Michael Shear and Lisa Rein wrote that the lead sponsor, Del. Harry R. "Bob" Purkey, has thus far tried unsuccessfully for over a decade to pass some version of the legislation:

"I'm hugely disappointed," said Purkey, who pleaded with colleagues by citing the state's 357 alcohol-related deaths last year. "I think this is tragic."

Other delegates argued that the prohibition had too tenuous a relationship to DUI concerns:

Opponents countered that banning open containers will do nothing to stop the consumption of alcohol. They said Virginians should have the right to come home from a football tailgate party with open cans of beer or liquor in their car -- as long as they don't drink and drive.

"What is the nexus between mere presence of alcohol in a car and drunk driving?" asked Del. Robert F. McDonnell (R-Virginia Beach). "The missing element is consumption."

Perhaps the reporters didn’t have enough space, but they left out an interesting and ironic aspect of the story.

By failing to pass the open container legislation, the Virginia legislature essentially accepts a Federal mandate that reduces the state's flexibility in spending Federal transportation funds. That runs counter to the way most state legislators feel about Federal funding requirements.

Under Federal law (23 U.S.C. Section 154) states are "encourage[d]" to enact open container laws. If they don’t, a set percentage of otherwise relatively unencumbered Federal-aid highway money must be transferred to a separate grant program related to highway safety.

Funds . . . must be used for alcohol-impaired driving countermeasures or enforcement of driving while intoxicated (DWI) or driving under the influence (DUI) and other related laws. A State may elect to use all or part of its transferred funds for activities eligible under the . . . Hazard Elimination Program.

This edict is simply another little reminder of the federal/state government version of The Golden Rule: whoever has the gold, makes the rules.

Section 154's penalty for non-compliance is certainly not as draconian as an outright cut in funds, but it nonetheless reduces the states' options, especially during an economic downturn.

When money is tight, earmarking money for certain uses makes other budget choices more difficult.

Thus far the prospect of being forced to use some Federal-aid money in a particular way has not led to universal acceptance by the states. A chart on the National Highway Safety Administration website shows that sixteen states and Puerto Rico have yet to adopt the open container law, leading to a forced re-allocation of $53,698,276 during FY02. That figure will double next year, assuming no states amend their DUI statutes.

Given the precarious fiscal condition that many states find themselves in right now, it will be interesting to see how long they continue to stand on principle about this particular mandate and its "incentive."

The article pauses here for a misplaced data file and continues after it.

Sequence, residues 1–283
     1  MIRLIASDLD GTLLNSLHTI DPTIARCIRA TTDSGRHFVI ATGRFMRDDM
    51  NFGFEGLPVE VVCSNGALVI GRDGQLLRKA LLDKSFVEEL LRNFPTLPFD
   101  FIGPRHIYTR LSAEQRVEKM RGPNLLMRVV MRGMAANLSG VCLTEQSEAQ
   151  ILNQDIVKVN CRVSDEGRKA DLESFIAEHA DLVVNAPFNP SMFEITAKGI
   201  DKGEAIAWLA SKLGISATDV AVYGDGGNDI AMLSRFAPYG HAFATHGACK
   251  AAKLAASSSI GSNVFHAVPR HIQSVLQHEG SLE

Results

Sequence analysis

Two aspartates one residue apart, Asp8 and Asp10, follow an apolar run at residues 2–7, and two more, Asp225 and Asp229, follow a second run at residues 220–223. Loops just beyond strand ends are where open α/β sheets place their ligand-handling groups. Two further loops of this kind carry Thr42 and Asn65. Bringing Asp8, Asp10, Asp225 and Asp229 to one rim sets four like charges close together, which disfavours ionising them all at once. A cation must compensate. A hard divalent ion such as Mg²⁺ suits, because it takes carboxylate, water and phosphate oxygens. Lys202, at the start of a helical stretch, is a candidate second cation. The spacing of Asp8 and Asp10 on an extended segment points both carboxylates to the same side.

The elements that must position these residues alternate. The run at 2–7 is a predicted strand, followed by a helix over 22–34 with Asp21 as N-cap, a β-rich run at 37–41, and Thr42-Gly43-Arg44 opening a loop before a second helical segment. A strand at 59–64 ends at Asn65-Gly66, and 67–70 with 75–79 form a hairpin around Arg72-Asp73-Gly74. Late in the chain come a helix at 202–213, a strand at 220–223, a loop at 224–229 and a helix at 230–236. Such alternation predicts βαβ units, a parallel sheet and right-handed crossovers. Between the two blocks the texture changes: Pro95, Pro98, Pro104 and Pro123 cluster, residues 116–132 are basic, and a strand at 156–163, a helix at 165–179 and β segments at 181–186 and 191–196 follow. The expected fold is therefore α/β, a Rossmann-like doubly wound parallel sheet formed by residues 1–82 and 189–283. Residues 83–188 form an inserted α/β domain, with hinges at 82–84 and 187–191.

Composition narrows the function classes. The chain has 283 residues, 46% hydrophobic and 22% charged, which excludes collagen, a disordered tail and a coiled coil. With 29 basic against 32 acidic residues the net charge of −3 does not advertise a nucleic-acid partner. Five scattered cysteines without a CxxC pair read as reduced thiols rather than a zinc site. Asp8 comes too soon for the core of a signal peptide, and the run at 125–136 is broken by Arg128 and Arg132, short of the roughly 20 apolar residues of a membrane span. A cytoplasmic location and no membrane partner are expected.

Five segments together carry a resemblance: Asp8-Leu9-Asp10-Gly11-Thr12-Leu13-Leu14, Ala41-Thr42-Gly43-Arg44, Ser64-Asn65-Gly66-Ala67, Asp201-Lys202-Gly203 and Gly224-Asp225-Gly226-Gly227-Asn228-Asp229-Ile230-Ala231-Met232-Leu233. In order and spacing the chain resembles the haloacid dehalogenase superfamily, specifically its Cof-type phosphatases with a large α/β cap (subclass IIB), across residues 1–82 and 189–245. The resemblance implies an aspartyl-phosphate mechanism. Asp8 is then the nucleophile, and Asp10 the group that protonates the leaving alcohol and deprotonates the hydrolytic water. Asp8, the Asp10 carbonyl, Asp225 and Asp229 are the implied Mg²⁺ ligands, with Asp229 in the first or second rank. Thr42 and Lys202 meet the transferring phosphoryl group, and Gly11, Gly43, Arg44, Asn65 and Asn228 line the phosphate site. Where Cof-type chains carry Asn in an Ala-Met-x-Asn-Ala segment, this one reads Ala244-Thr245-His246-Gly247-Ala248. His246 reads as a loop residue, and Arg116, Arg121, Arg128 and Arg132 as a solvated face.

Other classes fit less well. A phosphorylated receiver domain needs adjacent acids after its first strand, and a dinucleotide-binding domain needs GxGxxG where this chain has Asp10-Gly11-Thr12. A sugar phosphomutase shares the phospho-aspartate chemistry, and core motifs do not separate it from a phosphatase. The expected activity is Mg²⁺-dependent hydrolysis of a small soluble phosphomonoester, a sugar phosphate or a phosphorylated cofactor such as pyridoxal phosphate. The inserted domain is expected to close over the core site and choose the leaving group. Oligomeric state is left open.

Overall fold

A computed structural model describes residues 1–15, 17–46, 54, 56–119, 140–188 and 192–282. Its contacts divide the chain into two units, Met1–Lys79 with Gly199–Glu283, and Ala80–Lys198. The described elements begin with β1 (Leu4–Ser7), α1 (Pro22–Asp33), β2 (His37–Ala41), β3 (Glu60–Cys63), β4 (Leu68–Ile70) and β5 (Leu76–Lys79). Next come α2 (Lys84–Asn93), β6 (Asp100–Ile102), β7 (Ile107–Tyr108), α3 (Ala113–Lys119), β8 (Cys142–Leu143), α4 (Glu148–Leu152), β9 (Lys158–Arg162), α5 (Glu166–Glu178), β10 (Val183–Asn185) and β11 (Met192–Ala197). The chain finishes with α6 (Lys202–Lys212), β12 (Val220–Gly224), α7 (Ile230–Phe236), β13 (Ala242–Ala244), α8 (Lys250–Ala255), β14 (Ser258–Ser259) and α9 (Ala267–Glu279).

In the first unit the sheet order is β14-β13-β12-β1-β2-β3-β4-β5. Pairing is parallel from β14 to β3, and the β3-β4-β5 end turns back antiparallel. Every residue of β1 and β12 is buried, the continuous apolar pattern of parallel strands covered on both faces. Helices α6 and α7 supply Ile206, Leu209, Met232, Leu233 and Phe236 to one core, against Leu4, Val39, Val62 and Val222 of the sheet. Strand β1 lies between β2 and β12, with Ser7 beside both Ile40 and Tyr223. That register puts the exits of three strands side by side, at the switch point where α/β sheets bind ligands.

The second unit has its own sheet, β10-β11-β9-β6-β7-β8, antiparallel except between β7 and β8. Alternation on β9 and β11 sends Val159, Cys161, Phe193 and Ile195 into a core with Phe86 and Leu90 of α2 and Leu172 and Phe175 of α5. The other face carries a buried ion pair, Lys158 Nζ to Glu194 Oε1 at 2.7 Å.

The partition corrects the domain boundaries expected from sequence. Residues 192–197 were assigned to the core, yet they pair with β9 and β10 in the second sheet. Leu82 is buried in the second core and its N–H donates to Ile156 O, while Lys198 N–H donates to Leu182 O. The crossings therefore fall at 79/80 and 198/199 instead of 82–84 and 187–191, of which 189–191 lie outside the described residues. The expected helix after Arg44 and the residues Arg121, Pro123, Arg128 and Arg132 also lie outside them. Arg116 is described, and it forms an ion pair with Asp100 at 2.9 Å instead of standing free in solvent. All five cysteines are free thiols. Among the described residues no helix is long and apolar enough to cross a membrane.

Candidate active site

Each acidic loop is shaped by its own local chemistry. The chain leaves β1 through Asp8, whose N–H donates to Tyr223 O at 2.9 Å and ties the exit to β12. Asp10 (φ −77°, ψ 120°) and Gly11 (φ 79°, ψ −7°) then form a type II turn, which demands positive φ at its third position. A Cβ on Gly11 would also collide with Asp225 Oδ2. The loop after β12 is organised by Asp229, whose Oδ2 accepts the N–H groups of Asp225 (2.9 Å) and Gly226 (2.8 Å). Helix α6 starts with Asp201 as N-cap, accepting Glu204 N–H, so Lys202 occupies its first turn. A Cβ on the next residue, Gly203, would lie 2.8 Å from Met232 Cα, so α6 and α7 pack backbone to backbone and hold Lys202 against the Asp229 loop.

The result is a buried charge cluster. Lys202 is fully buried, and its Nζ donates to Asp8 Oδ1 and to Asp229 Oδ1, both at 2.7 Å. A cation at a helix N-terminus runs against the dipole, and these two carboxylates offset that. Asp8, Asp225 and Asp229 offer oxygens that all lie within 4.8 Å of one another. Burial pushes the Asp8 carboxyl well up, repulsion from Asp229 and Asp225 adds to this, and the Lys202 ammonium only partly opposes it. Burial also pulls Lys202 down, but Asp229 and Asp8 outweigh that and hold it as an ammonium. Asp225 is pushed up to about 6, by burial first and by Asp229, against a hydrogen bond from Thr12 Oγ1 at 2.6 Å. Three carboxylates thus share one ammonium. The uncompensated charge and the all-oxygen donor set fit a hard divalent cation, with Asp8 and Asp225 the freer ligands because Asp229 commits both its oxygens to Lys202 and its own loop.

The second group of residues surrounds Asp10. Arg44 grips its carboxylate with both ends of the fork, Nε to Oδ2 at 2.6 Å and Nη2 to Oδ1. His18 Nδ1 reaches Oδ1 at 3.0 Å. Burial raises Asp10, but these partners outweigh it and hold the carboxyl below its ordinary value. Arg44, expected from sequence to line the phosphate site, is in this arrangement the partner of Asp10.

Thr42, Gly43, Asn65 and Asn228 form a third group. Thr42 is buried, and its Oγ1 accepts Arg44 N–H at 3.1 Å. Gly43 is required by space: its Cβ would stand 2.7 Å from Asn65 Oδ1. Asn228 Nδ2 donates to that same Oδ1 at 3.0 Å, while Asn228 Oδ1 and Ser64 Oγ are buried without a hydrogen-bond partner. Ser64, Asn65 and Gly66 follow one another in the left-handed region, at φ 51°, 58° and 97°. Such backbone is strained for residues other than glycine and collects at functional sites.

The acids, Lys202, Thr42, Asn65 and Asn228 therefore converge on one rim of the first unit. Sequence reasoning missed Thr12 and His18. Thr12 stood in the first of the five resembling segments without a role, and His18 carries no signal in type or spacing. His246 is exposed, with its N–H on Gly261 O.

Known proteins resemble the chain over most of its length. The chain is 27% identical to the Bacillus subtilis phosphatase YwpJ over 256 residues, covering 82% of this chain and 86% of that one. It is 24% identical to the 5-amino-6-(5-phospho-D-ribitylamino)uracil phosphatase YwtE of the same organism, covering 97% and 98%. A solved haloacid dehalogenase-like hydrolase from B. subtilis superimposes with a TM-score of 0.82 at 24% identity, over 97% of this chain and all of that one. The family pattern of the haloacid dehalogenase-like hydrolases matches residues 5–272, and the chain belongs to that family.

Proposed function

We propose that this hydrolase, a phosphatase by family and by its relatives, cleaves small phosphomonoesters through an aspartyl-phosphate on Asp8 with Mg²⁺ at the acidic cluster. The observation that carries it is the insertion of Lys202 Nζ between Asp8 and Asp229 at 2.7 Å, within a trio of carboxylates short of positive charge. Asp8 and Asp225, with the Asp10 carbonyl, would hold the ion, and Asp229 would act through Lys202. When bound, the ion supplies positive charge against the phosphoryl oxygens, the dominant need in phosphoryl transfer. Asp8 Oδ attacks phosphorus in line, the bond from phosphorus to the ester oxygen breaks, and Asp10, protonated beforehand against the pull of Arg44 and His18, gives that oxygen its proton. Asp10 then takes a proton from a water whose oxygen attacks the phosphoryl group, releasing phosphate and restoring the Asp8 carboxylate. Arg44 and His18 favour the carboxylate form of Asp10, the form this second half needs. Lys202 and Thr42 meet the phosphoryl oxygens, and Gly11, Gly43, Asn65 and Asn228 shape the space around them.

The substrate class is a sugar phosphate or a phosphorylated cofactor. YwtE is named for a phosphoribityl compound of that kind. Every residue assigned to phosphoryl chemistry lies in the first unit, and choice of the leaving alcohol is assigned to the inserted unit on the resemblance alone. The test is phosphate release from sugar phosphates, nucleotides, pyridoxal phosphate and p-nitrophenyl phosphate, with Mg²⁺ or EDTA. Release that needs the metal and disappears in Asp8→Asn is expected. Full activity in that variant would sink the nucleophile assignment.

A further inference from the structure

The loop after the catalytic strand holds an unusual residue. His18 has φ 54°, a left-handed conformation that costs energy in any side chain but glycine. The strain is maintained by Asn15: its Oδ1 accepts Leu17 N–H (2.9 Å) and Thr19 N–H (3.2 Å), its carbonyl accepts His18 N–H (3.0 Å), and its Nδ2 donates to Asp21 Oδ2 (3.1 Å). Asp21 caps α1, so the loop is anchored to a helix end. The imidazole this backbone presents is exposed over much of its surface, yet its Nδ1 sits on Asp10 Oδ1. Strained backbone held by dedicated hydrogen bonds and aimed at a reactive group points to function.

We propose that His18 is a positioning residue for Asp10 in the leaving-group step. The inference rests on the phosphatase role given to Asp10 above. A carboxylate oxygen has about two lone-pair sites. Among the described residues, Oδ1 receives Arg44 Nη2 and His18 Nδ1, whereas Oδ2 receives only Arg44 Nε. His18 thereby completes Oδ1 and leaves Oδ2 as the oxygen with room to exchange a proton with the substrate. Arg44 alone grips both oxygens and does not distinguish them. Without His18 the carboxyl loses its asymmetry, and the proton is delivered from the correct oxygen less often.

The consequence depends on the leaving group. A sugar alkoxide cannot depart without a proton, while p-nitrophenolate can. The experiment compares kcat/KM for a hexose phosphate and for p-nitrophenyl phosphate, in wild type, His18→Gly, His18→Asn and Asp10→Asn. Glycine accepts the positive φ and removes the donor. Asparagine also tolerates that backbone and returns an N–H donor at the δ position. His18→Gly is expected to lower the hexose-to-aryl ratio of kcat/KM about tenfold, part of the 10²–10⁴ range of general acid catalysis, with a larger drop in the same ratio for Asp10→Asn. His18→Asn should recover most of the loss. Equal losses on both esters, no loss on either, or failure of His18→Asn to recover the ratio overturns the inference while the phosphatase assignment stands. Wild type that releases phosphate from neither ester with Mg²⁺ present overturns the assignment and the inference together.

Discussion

Luckily for me, it's only a short drive to The Dogfish Head for a six-pack of Shelter Pale Ale. I can always wait until I return home before I pop the first top.

January 30, 2002

Haven’t I read you somewhere before?

The great plagiarism debate continues. A Glenn Reynolds reader sent in a quote from Leonard Pitts’ great piece from September 12, and compared it to Rep. Gephardt’s post-State of the Union address, as quoted in Kausfiles.

Two extremely unrelated points:

First, the increasingly popular search for textual parallels, which the Internet makes so easy, reminds me a bit of concordances, most often used for Bible study. These are handy tools for critical analysis. For instance, passages from the four Gospels are set up in side-by-side columns. Readers can quickly see how each author depicted similar events, or where only one or two Gospels include the particular story. The discovery of the empty tomb after Christ’s resurrection is a good example, at Matthew 28, Mark 16, Luke 24, and John 20.

Until I took a college course on The English Bible As Literature, I had no idea concordances even existed--neither did Rachel Sinai, a fellow classmate. Our professor, a Quaker, told us that we were the perfect students for her class, because we had absolutely no preconceived notions about the Bible, King James version or otherwise.

Rachel’s prior exposure was limited to the Torah, and for me, Bible study just wasn’t part of the Catholic pedagogical tradition for parochial schools in the early 60’s. It was all news to us.

The exegetical debates, especially from students raised in a different religious tradition than Ms. Sinai or me, were frequently fierce.

Second, I frankly confess to having mixed feelings about plagiarism, based on personal experience.

Several years ago I won a hotly contested lawsuit, complete with extensive briefing and argument.

Significant passages from the court’s decision looked just a little too familiar. A quick check showed that the opinion directly copied a sizeable portion of one of my briefs.

I can’t say I was outraged. Quietly pleased, yes. Outraged, no.

January 29, 2002

Taking the Plunge

My 15-year-old nephew Ben really likes bowling, and he’s pretty good at it.

He’s won a gold medal, in fact, in the Delaware Special Olympics.

The Delaware Special Olympics organization is the beneficiary of The Lewes Polar Bear Plunge, a fundraiser that takes place this coming Sunday just off the Rehoboth Beach Boardwalk.

Last year over 1,500 swimmers plunged into the frigid Atlantic Ocean far enough to dive in completely, and then rushed back to their towels, bathrobes, and laughing friends with far more sense.

The Plunge took about 35 seconds, and raised over $250,000.

Last year my younger daughter joined her buddies in her middle school honor society for the Plunge. For the two prior years, however, she and I ran into the water together.

I‘m leaning toward going back in the ocean this Sunday.

For one thing, the weather prediction for February 3 is not as harsh as it was in 2000.

On that frigid Sunday, just before the start, my daughter and I and about 1000 others stood shivering in the wind. An 18-degree chill factor searched for every opening in the bathrobes covering us.

The water temperature was 34 degrees Fahrenheit, or as I like to say, about 6 degrees from solid.

To add to the fun, the tide was out, so we had to stand in wet sand, hopping from one foot to the other so that the bottoms of our feet wouldn’t go entirely numb before the Plunge.

The horn blared, and we all rushed forward. As the water hit my legs past my knees, I felt the air whoosh out of my lungs. It was a major effort simply to breathe.